Romance and Intimacy in Parkinson’s Disease

February is known as the month of love.  With the popular holiday, Valentine’s day, this month often encourages people to express their love for their loved ones and reminds romantic partners to re-focus on their relationships.

However, research shows that a diagnosis of a neurodegenerative condition, such as Parkinson’s disease (PD), has been shown to have a negative impact on couples’ intimate relationships (4).  Relationship role changes and the symptoms of PD impact the ability to reconnect sexually and intimately, making the ability to outwardly express love during holidays such as Valentine’s Day more challenging (4).    Although these symptoms are often noticed, they can often be ignored, leading to difficulties in partner relationships and deterioration in the quality of life (4).  

Both motor and non-motor symptoms of Parkinson’s disease (PD) can contribute to difficulties with sexual functioning and role changes, including (1):

  • Rigidity
  • Tremor
  • Motor Fluctuations
  • Mood Changes
  • Pain
  • Mobility Limitations
  • Fatigue
  • Hypersexuality related to medication
  • And many more…


To improve sexual intimacy and romance in relationships with PD, research has shown that the number one, most crucial factor to improving sexual intimacy is increasing sexual communication (1). Having an open dialogue with your partner but also your healthcare providers such as your physician, your occupational/physical therapist, and your counselor are critical to maintaining sexual intimacy.  Although speaking to a healthcare provider about these concerns might be uncomfortable or feel unusual (2), avoiding this discussion can lead to more difficulties in this area and potentially lead you to miss out on some medical opportunities to treat the symptoms.

Additionally, researchers and specialists emphasize the importance of thinking outside of the box when it comes to intimacy with PD (3). Dr. SheilaSilver, a clinical sexologist, recommends thinking of “physical intimacy as a buffet” when it comes to PD(3).   Since the symptoms of PD make romance challenging, it is necessary to get creative. Consider working with a therapist to explore ways to stay connected, both emotionally and physically, throughout the PD diagnosis.

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C.A.R.E.S (Caregivers Accessing Resources for Emotional Support) is free, 1-on-1 counseling to caregivers of patients in the Fixel Institute who are currently experiencing emotional and mental strain while caring for a loved one. Can be provided by Zoom online.To schedule this FREE service, call our office at 352-733-2410 or email Jana Unislawksi.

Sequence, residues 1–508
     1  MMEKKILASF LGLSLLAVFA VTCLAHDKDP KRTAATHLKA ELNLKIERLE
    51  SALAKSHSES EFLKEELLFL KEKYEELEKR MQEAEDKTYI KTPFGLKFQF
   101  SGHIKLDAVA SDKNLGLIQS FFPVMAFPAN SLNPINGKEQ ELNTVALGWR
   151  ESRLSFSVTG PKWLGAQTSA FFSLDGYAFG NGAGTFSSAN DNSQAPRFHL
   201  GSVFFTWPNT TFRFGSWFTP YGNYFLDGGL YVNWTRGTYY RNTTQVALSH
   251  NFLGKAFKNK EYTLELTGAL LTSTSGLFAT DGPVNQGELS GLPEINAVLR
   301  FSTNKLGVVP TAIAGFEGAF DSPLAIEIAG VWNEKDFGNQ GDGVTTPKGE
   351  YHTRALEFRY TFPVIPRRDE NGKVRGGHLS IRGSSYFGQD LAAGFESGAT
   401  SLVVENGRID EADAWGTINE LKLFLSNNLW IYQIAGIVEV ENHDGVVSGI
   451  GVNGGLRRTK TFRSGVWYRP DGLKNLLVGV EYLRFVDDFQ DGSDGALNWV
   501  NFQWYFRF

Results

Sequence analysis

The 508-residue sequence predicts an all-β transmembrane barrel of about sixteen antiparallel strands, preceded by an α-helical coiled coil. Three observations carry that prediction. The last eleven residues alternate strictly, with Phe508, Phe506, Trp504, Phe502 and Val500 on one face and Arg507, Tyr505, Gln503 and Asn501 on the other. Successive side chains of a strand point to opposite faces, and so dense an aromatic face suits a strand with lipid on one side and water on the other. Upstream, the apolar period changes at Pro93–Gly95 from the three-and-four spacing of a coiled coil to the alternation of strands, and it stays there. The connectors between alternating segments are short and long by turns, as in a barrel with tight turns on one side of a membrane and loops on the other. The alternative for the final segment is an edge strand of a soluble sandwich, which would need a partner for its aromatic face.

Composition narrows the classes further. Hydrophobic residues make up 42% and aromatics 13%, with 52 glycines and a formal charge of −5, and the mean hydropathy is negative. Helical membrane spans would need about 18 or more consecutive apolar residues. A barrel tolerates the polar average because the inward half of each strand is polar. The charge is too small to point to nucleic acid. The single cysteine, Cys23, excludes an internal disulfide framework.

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Join the Fixel Institute for their monthly caregiver meeting that occurs on the first Friday of every month and People with Parkinson’s/caregiver group on the third Friday of every month. Currently, sessions are being held virtually.

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The Coping with Caregiving Virtual Training Program is a LIVE online training program designed to improve the lives of caregivers and care receivers. This FREE online training program is divided into two classes. Take one or both depending on your current caregiver needs. Each class meets once a week for an hour and a half for 4 weeks.



  1. Bronner, G., & Korczyn, A. D. (2017). The Role of Sex Therapy in the Management of Patients with Parkinson’s Disease. Movement disorders clinical practice, 5(1), 6–13.
  2. de Rooy, F., Buhmann, C., Schönwald, B., Martinez-Martin, P., Rodriguez-Blazquez, C., Putter, H., Elzevier, H. W., & van der Plas, A. A. (2019). Discussing sexuality with Parkinson’s disease patients: a multinational survey among neurologists. Journal of neural transmission (Vienna, Austria : 1996), 126(10), 1273–1280.
  3. Silver, S. (September 2015). Ten Steps to Physical and Emotional Intimacy [PPT]. Presented at the 4th World Parkinson Congress in Portland, Oregon.
  4. Vatter, S., McDonald, K. R., Stanmore, E., Clare, L., McCormick, S. A., & Leroi, I. (2018). A qualitative study of female caregiving spouses’ experiences of intimate relationships as cognition declines in Parkinson’s disease. Age and ageing, 47(4), 604–610.
  5. Pixabay (n.d.). Senior couple happy bed [Picture]. Retrieved from
  6. Pxhere (n.d.) Senior couple dancing [Picture]. Retrieved from

About the Author


Heather Simpson, OTR/L

Heather Simpson graduated with a B.S. in Exercise and Sport Science with a minor in Early Education from the University of Florida in 2007. Following…

Read all articles by Heather Simpson, OTR/L